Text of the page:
Dymphna is interwoven with Christianity, from her secret baptism by her confessor and confidant Gerebernus, to the care for the poor and needy and the hermit's residence to which she emigrates. She is therefore also accompanied by the book. But actually, her spirituality is enclosed in a short, steadfast answer: 'no'.

In the European Middle Ages, spirituality stands for the spiritual, as opposed to the physical and sensory side of life. Spirituality represents 'the heavenly sphere of light versus the dark world of matter'. Spirituality in the broadest sense relates to matters concerning the mind. The word is used in many ways and there can be connections to religion or supernatural powers, but the emphasis is on the personal, inner experience. In a strict sense, the word indicates consciousness, or the human inner being that sees its origin in a divine or other transcendence, or in relation to a higher or endlessly larger reality. Spirituality is a special, but not necessarily confessional, take on life by a human being concentrating on transcendent truth or the highest reality.

It's in the Saint Dymphna Church – the translation of a legend into a possibility of faith within a public building – that contemporary art introduces proposals that testify to man's tendency to feel part of the value of a greater reality. This happens in front of the relics of Dymphna and Gerebernus. Not only the primary relics of their bones, but also the secondary relics: the fragments of the sarcophagi in which the bones supposedly once were preserved.  Around the former, there's a thirteenth-century reliquary with angels that is stored in a late Gothic casing figuring seven painted panels with scenes from the life of the saint.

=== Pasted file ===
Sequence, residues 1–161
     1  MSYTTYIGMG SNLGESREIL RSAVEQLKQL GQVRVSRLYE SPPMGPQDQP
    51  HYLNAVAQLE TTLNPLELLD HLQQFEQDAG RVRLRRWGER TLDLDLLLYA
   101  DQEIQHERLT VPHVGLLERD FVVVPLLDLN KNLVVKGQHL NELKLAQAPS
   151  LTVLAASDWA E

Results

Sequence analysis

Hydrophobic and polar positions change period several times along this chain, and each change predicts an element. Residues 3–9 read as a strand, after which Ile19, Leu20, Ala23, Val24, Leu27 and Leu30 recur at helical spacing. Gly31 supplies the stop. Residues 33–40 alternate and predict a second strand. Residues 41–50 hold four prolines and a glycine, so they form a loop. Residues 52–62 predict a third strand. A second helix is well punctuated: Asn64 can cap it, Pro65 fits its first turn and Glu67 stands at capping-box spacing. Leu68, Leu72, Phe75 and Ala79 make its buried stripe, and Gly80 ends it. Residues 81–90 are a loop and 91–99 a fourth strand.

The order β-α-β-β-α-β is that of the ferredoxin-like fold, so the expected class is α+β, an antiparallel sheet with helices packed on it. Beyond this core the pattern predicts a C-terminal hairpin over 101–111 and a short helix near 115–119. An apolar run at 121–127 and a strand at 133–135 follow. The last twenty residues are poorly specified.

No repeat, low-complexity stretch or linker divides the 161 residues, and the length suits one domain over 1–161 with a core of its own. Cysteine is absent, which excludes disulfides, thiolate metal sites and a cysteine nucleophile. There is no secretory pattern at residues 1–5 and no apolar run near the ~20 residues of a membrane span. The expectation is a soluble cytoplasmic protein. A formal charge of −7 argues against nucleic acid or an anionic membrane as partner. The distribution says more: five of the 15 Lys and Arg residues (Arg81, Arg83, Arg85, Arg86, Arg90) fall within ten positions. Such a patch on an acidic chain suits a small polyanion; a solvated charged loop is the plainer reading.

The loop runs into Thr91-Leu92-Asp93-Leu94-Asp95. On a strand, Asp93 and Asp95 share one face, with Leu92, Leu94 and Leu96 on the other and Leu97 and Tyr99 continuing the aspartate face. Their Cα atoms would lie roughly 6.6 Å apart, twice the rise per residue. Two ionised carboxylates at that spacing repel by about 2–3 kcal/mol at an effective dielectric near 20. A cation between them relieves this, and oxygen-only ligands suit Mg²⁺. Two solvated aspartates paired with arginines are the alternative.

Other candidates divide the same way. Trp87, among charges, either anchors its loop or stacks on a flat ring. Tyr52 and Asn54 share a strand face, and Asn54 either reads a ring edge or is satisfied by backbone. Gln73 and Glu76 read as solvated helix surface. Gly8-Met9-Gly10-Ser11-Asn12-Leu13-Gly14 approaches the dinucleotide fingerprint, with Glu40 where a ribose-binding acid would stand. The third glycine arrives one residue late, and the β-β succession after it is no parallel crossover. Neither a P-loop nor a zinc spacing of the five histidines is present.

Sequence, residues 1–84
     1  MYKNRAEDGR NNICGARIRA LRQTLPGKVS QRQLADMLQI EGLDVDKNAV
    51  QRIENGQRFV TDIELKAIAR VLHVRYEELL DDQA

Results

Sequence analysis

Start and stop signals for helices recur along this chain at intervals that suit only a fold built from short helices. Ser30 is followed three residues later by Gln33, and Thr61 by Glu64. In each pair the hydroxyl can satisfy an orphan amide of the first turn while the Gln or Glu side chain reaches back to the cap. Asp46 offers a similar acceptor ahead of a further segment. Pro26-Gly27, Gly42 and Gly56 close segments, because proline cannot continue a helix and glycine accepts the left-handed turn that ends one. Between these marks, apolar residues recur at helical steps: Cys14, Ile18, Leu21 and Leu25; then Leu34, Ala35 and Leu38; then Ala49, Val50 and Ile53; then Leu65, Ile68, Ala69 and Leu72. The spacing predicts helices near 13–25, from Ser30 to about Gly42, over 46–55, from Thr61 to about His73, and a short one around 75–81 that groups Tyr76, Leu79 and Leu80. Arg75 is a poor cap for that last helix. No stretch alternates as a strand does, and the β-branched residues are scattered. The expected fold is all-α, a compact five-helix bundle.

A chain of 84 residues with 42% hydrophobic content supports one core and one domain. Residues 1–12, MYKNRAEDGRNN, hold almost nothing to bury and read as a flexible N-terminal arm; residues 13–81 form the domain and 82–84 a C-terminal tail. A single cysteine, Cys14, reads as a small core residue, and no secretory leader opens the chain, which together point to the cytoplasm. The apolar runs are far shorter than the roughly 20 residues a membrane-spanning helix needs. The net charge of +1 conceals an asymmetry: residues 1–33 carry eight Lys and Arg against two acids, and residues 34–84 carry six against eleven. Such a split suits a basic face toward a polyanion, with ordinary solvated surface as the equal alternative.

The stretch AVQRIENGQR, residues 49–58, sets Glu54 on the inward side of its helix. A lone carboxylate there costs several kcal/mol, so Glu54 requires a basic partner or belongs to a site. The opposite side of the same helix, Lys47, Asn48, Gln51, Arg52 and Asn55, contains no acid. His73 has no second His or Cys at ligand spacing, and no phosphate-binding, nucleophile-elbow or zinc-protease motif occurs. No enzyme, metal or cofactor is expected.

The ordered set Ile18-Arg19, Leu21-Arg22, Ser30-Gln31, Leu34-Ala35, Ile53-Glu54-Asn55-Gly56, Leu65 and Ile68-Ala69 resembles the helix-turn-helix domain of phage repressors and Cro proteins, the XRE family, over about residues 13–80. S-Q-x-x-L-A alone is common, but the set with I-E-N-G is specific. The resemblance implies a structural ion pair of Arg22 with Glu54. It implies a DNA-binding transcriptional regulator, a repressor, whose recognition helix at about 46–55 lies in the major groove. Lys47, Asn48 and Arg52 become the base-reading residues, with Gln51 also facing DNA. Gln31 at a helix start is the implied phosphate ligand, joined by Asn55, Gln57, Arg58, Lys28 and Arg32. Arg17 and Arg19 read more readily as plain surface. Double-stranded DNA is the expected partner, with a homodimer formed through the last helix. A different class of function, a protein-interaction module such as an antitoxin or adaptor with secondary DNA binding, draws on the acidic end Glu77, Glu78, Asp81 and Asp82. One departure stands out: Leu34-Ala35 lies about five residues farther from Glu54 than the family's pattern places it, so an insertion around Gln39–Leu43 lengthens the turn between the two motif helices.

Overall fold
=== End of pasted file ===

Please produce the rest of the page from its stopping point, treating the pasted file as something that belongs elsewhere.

With her enigmatic title image, Nel Aerts sets the tone for a series of artistic interventions that create space. The core of the body can serve as a starting point, like in the works by Dmitry Gutov, Sofie Muller or Johan Tahon, but Aerts also looks for broader connections. The smallest gesture contains the largest one, as is evident with Edith Dekyndt, Rita McBride or Guy Mees. And art can focus on essential experiences and their possibilities of giving meaning:  light, in the works of with Róza El-Hassan and Nazanin Fakoor; colour like in those of Alfons Hoppenbrouwers and Philippe Van Snick; height (Vadim Fishkin); time (Suchan Kinoshita and Jacqueline Mesmaeker). And finally language as an experience (leaving behind the mind and) going for a broader meaning, such as in the works by Bia Davou, Evgeny Granilshchikov, Mary Ellen Solt and Where Dogs Run.

For Middle Gate II, Guy Rombouts creates a work that he considered for the first Middle Gate: a hat alphabet. It has become a silent work, spread over the church's prayer chairs, with  each of the letters of the alphabet getting its own hat, folded from a blank sheet of paper that was once destined for the Geel newspaper.

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